Precinct boundary recommendations for Monroe County could come Monday

A four-person committee that is supposed to advise the county commissioners on precinct and district boundaries for Monroe County is looking to make its first set of recommendations early next week.

Appointed by the Monroe County board of commissioners in mid-October, the committee hopes to settle on precinct boundary recommendations by the end of its meeting next Monday (Nov. 1). This past Thursday, the committee wrapped up the fourth of its meetings over the last two weeks.

Recommendations on boundaries for the four county council districts and the three county commissioner districts could come sometime in late November.

For Monday, committee members want the county’s GIS and legal staff to prepare an easily reviewable package of precinct boundary changes that are mostly technical in nature. One exception is a precinct on the south edge of Bloomington, which would mean a change of voting location for an area where 100 people live.

If the committee is able to make its precinct boundary recommendations by the end of its Monday meeting, that would set the table for county commissioners to review the proposed precinct boundaries at their Nov. 3 work session.

That schedule would allow a vote by commissioners the following Wednesday, on Nov. 10. It would put the vote two days ahead of a Nov. 12 deadline, which the state has set for submission of precinct boundary changes this year.

The state’s deadline for county council and county commissioner district boundary changes is Dec. 26. But on Thursday county attorney Jeff Cockerill urged the committee members not to wait that long. Cockerill suggested that they try to complete their district boundary recommendations by the end of November. That would set up county commissioners for a work session review and a vote the following week in early December.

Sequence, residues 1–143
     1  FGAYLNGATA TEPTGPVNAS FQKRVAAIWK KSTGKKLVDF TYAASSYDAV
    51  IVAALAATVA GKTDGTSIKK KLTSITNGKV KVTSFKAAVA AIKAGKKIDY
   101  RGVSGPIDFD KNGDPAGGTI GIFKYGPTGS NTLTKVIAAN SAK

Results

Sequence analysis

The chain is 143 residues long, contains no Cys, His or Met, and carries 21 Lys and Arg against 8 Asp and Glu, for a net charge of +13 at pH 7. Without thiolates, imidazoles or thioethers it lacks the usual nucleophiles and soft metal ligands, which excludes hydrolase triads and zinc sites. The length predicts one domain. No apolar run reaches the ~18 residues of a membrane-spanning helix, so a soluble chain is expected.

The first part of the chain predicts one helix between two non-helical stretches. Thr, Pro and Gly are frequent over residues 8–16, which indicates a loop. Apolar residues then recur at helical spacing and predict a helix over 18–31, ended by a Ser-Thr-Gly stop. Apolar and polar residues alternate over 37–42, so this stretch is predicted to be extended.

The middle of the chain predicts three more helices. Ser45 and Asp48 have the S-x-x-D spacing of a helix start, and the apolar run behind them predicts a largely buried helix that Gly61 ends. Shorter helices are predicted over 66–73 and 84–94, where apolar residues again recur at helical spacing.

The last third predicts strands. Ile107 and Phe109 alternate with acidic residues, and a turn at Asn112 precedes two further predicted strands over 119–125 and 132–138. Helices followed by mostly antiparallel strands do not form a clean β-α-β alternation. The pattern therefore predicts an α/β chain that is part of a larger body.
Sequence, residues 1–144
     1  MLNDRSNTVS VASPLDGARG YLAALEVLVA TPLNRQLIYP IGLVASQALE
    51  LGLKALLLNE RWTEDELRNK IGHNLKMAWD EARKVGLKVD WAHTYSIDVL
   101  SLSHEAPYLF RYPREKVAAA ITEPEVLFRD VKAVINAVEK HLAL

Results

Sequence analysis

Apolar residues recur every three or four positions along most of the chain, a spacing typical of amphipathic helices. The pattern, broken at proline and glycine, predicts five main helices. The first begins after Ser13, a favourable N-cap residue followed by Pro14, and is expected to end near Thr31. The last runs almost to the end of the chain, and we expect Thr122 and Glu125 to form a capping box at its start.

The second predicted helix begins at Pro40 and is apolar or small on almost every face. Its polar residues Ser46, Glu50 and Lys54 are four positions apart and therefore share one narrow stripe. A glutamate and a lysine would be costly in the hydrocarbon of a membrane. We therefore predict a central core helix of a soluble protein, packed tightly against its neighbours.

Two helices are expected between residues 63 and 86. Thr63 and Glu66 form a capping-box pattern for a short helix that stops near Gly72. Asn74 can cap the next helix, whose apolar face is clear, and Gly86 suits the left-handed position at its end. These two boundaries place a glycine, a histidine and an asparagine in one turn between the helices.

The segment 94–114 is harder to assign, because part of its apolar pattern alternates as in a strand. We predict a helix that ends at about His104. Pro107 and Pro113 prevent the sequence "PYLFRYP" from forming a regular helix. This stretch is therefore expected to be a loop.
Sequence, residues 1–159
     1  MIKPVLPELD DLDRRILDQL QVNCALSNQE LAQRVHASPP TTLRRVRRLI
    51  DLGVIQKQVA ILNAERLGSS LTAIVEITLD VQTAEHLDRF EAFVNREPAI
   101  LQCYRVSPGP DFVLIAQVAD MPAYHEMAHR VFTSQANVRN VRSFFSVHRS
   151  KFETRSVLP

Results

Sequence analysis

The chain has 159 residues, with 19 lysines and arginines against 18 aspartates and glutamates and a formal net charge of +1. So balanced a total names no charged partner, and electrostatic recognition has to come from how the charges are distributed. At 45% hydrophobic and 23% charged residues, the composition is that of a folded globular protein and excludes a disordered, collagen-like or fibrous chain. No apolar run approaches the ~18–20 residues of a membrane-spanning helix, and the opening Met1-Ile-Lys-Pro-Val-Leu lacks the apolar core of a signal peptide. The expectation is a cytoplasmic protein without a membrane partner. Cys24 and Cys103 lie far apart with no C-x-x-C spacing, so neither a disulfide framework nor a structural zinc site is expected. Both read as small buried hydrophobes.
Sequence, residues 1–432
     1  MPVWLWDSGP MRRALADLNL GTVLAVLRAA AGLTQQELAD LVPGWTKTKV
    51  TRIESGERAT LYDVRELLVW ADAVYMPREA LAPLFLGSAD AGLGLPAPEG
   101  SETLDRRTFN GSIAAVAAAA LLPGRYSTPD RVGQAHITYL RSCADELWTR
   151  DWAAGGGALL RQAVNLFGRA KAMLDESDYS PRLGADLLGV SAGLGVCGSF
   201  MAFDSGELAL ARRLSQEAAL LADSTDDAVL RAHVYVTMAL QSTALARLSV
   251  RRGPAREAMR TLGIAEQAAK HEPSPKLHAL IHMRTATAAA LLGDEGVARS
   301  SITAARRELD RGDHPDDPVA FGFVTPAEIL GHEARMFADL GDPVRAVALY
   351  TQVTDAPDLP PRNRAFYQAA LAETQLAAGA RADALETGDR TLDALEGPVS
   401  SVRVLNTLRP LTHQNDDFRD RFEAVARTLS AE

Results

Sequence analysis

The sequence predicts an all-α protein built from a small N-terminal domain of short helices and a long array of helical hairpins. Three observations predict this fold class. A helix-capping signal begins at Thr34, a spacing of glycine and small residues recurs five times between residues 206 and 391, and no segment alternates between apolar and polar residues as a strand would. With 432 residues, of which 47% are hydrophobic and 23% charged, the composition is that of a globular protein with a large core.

One substantive change that the committee talked through on Thursday involves boundaries for a precinct that currently consists of two separate parts.

The Perry 04 precinct, just outside Bloomington’s southern city limits, forming a kind of notch out of the city, consists of two separate non-touching parts. The larger chunk sits to the west and a small “castle-shaped” bit lies to the east. The castle-shaped bit consists of three census blocks with a total population of 100, based on the 2020 census (18+23+59).

It’s not possible to merge the small castle-shaped bit of Perry 04 into the precinct just to the north, Perry 10, because that would result in a precinct that crosses a city boundary.

The current precinct revisions have to be based just on the current city boundaries, not those that might be established through Bloomington’s current annexation effort. The precincts in question are a part of Bloomington annexation Area 2 and Area 1B. Annexation of those areas would take effect in 2024, if the remonstrance efforts are not successful.

Previously, it was not possible to merge the castle-shaped bit into the precinct to the south, Perry 23, because the southern boundary of the castle-shaped bit followed the state house representative district boundary. Precincts aren’t allowed to cross state legislative boundaries.

The redistricting completed by the state legislature this year makes it possible to contemplate merging the castle-shaped part of Perry 04 into Perry 23.